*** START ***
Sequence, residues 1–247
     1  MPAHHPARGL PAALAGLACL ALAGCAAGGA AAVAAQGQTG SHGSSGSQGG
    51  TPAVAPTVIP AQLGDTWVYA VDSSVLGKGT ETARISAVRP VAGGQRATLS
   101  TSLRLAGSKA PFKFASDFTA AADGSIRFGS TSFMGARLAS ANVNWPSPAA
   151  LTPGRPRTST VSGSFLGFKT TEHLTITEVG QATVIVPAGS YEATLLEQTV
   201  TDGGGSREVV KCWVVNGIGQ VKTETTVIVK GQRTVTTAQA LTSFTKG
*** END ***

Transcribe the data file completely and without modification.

Sequence, residues 1–247
     1  MPAHHPARGL PAALAGLACL ALAGCAAGGA AAVAAQGQTG SHGSSGSQGG
    51  TPAVAPTVIP AQLGDTWVYA VDSSVLGKGT ETARISAVRP VAGGQRATLS
   101  TSLRLAGSKA PFKFASDFTA AADGSIRFGS TSFMGARLAS ANVNWPSPAA
   151  LTPGRPRTST VSGSFLGFKT TEHLTITEVG QATVIVPAGS YEATLLEQTV
   201  TDGGGSREVV KCWVVNGIGQ VKTETTVIVK GQRTVTTAQA LTSFTKG